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Editor's e-Note
Minority populations are often underrecognized, underresearched and undertreated in health care. This disparity is especially true in health care for LGBTQ individuals, specifically in the identification and treatment of eating disorders. June is Pride Month and this month’s E-News Exclusive, written by a social worker/therapist from the Center for Eating Disorders at Sheppard Pratt, explores these inequities and what social workers can do to help build connections to family, communities, and more informed, better quality health care for LGBTQ people.

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— Marianne Mallon, editor
e-News Exclusive
Understanding Eating Disorders in LGBTQ People
By Lauren Anderson, LMSW

Across the country and the world during the month of June, people come together to celebrate Pride Month and support LGBTQ people. This is a time to honor the work that has been done to achieve equal justice and opportunities for those who identify as lesbian, gay, bisexual, transgender, or queer/questioning. While the battle for equal rights is often drawn out in a public and political arena, the more silent threats faced by LGBTQ individuals must not be overlooked. A prime example that is frequently missed is the significant risk for eating disorders within this community.

Eating disorders are serious conditions that can lead to physical problems in the cardiovascular, gastrointestinal, neurological, and endocrine systems. According to the National Eating Disorders Association (NEDA) (2018C), people with anorexia nervosa are six times more likely to die compared with the general population. These deaths are often attributed to starvation, substance misuse, and suicide.

Additionally, people with eating disorders often have co-occurring mental health diagnoses, most commonly mood and anxiety disorders. According to NEDA (2018A), a major depressive disorder is diagnosed in 32% to 39% of people with anorexia nervosa, 36% to 50% of people with bulimia nervosa, and 33% of people with binge eating disorder, and an anxiety disorder is diagnosed in 48% to 51% of people with anorexia nervosa, 54% to 81% of people with bulimia nervosa, and 55% to 65% of people with binge eating disorder.

One common myth about eating disorders is that they mainly affect white teenage girls. The reality is that anyone can experience this illness. Unfortunately, because of this misconception, and a lack of research into eating disorders in minority populations, there is less awareness of the considerable impact on the LGBTQ population than in others. As a result, LGBTQ people often experience the illness in silence given the general public’s lack of education around the signs of eating disorders.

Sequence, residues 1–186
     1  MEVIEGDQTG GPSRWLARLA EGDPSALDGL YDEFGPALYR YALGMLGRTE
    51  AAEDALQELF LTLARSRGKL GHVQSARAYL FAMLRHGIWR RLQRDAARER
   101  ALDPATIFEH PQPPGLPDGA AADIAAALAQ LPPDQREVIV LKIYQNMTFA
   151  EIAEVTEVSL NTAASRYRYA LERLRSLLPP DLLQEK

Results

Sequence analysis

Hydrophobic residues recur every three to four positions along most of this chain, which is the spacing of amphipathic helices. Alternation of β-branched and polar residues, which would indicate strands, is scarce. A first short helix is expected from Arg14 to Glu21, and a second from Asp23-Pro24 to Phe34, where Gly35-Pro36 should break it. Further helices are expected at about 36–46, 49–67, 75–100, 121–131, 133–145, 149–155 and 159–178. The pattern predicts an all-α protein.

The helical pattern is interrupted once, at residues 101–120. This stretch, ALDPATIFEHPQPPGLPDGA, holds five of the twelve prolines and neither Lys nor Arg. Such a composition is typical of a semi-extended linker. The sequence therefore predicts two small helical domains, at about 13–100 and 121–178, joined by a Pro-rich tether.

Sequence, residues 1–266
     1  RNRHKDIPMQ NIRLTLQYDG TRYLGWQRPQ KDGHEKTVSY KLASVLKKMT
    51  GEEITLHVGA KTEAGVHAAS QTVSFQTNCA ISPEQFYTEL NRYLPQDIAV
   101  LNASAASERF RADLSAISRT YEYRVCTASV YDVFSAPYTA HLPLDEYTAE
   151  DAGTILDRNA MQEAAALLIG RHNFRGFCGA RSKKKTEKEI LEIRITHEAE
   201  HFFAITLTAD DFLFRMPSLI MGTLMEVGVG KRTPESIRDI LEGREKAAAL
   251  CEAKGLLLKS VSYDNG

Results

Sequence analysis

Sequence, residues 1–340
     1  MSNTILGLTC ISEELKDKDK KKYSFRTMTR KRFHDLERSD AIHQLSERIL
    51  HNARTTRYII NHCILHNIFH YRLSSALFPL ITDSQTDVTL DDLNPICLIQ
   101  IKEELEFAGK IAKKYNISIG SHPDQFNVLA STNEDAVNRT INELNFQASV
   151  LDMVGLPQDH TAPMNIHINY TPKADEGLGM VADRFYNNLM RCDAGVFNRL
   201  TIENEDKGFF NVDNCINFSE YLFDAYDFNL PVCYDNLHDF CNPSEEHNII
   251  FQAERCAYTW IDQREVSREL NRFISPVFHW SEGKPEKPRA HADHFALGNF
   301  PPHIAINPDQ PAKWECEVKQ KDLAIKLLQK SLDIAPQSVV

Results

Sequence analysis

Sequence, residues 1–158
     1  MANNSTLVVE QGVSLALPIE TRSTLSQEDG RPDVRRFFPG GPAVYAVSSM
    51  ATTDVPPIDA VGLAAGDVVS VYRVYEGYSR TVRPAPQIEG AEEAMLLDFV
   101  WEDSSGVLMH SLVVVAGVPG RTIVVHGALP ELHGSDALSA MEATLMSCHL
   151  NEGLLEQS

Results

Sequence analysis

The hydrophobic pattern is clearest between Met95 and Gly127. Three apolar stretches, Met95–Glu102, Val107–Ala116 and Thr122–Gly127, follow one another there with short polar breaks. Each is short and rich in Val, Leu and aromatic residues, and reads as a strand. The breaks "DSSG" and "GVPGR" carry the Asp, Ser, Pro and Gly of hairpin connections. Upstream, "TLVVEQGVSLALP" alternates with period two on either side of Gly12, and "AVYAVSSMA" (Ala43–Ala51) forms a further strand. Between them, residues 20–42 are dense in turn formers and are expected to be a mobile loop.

Full story »
Tech & Tools
New Technology Could Help Veterans With Disabilities Live More Independently

In 2017 it was estimated that there were nearly 4.2 million veterans with service-connected disabilities, many of whom required housing assistance in one form or another to be able to live independently. Among these are about 42,000 veterans with severe spinal cord injuries and disorders. Researchers at Texas A&M University are working on new technology that could help these veterans achieve even more independence.

The VA oversees a program offered to veterans and service members with certain service-connected disabilities called specially adapted housing, which provides funds to modify or construct an adapted home to meet their needs. Typical adaptations include ramps, wider halls and doors, or wheelchair-accessible bathrooms.

But there are many other emerging technologies that could improve home adaptions or enhance a veteran or service member’s ability to live independently, such as voice-recognition and voice-command operations, living environment controls, and adaptive feeding equipment. The VA has defined this as new assistive technology (AT), an advancement that could aid or enhance the ability of a veteran or service member to live in an adapted home.

Read more »
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